Washington wine is wine produced from grape varieties grown in Washington, USA. Washington ranks second in the US when it comes to wine production. Last 2017, the state had over 55,000 acres of vineyards, a harvest of 229,000 short tons of grapes, and exports going to over 40 countries around the world from the 940+ wineries located in the state.

The future for the Washington wine industry remains bright, but some situations are coming in the near term that could lessen future prospects, according to Chris Bitter, a wine economist at Vintage Economics.

Wine consumption generally has slowed, which has resulted in excess supply on a global basis.

2 Key Points. First, Washington is heavily reliant on one company for that growth. Second, the state is heavily dependent on out-of-state demand. Out-of-state shipments represented 85 percent of that gain over the time period.

In 2017, total Washington shipments declined 5 percent, a sharp reversal from the annualized 7 percent increase of the previous six years.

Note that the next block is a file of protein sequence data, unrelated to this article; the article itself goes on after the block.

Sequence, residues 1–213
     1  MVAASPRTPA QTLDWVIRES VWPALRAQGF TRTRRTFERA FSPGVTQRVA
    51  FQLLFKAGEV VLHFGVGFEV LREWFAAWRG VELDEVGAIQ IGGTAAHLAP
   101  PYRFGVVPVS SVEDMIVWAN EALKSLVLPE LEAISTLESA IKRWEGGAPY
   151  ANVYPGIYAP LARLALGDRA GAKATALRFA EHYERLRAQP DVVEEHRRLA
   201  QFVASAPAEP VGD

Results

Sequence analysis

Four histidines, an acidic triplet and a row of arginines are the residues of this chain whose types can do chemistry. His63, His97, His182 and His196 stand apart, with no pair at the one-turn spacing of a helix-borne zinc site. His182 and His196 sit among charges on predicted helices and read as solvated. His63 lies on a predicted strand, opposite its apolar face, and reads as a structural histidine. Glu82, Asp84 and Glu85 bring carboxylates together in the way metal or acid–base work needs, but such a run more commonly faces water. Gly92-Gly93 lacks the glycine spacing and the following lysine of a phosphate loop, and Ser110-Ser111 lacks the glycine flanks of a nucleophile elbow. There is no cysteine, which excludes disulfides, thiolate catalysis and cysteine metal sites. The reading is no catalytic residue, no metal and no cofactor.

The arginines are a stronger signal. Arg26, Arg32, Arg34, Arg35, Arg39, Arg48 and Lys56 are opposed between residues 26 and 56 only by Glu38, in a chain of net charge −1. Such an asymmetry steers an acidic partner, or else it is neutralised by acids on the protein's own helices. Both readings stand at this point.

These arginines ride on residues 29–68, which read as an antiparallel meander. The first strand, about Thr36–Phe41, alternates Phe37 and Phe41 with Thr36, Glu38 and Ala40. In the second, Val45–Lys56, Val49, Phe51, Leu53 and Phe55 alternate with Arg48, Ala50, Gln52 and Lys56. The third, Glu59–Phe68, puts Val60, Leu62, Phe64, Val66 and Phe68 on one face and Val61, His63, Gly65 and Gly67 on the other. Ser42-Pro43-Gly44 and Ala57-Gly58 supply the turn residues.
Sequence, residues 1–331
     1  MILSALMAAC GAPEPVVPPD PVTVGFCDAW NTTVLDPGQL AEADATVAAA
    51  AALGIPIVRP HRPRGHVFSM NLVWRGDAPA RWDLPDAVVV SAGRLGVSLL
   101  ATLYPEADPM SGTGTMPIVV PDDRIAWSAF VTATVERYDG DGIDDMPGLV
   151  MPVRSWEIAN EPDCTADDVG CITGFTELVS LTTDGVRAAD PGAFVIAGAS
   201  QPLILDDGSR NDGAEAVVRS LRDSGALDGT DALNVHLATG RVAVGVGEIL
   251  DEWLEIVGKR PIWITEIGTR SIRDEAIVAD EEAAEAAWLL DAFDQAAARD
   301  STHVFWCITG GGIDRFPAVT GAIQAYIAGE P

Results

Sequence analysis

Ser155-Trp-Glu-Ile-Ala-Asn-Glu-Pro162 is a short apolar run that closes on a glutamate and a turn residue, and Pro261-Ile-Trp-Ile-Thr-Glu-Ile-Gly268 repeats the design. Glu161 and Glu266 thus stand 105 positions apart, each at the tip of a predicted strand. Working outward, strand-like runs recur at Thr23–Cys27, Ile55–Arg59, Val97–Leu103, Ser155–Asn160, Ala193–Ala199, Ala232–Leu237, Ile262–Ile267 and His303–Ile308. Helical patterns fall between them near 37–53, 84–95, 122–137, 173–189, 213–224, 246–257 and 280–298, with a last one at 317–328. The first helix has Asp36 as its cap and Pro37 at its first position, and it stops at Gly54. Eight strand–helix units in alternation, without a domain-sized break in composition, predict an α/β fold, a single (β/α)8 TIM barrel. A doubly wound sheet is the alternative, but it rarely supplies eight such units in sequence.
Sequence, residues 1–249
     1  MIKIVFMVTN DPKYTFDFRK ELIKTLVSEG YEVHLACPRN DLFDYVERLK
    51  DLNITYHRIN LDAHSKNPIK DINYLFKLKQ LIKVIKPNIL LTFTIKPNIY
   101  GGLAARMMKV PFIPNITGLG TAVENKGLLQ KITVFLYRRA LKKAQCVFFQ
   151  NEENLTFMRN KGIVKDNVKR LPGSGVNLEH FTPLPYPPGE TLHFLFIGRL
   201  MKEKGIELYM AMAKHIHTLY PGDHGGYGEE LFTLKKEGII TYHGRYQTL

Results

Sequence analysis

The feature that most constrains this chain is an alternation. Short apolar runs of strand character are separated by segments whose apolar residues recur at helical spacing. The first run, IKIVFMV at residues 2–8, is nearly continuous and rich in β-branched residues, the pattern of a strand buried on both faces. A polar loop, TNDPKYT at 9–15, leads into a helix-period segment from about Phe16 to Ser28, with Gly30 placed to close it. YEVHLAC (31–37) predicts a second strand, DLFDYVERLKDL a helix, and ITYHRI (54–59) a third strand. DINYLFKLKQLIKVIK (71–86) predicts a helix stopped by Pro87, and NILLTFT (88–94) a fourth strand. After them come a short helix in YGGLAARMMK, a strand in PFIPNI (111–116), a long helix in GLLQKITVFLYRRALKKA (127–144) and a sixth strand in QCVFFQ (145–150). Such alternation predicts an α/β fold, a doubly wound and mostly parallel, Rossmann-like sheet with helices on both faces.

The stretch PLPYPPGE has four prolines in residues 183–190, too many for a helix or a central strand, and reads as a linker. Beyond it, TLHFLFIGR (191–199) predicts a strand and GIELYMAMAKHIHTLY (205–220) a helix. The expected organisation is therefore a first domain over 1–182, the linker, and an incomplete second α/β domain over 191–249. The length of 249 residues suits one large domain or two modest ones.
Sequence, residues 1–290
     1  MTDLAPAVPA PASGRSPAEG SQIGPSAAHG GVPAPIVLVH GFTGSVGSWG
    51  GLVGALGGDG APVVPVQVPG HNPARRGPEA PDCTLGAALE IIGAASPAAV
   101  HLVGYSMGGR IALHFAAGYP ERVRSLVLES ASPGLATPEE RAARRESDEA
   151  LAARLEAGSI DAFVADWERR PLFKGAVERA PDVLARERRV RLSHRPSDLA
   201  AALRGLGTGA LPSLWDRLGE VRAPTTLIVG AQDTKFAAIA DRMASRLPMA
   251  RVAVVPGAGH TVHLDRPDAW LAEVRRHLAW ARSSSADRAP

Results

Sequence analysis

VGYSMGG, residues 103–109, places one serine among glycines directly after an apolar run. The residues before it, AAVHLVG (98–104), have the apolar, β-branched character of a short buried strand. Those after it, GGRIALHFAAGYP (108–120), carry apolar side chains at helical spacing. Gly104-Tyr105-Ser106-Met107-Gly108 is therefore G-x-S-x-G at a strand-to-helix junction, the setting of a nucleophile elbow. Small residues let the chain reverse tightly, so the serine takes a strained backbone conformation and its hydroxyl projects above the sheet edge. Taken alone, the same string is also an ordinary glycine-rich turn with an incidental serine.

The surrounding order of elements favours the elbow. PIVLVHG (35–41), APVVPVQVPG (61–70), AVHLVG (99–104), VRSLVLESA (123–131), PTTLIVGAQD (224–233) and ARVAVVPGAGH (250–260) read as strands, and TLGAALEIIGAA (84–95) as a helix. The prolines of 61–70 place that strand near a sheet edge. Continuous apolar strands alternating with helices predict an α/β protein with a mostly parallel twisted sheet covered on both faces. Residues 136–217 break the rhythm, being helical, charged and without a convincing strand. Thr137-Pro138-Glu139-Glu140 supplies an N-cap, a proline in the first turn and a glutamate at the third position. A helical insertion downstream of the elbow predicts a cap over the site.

In 2018, shipments were up 3 percent — still 250,000 cases below the 2016 peak, so Washington has plateaued, he said. In addition, Washington is seeing a bifurcation of its industry between its biggest player and the rest of the industry.

The overall economic outlook for 2019 is for a modest slowdown — a moderating economy, not a recession, though experts say a recession is coming, he said. With trade war, political gridlock in the U.S. and a slowing global economy, the risks are clearly to the downside.

According to the Washington State Liquor and Cannabis Board, packaged wine shipments grew 50 percent, or 4.2 million cases, from 2010 to 2016. Ste. Michelle Wine Estates accounted for 2.6 million cases.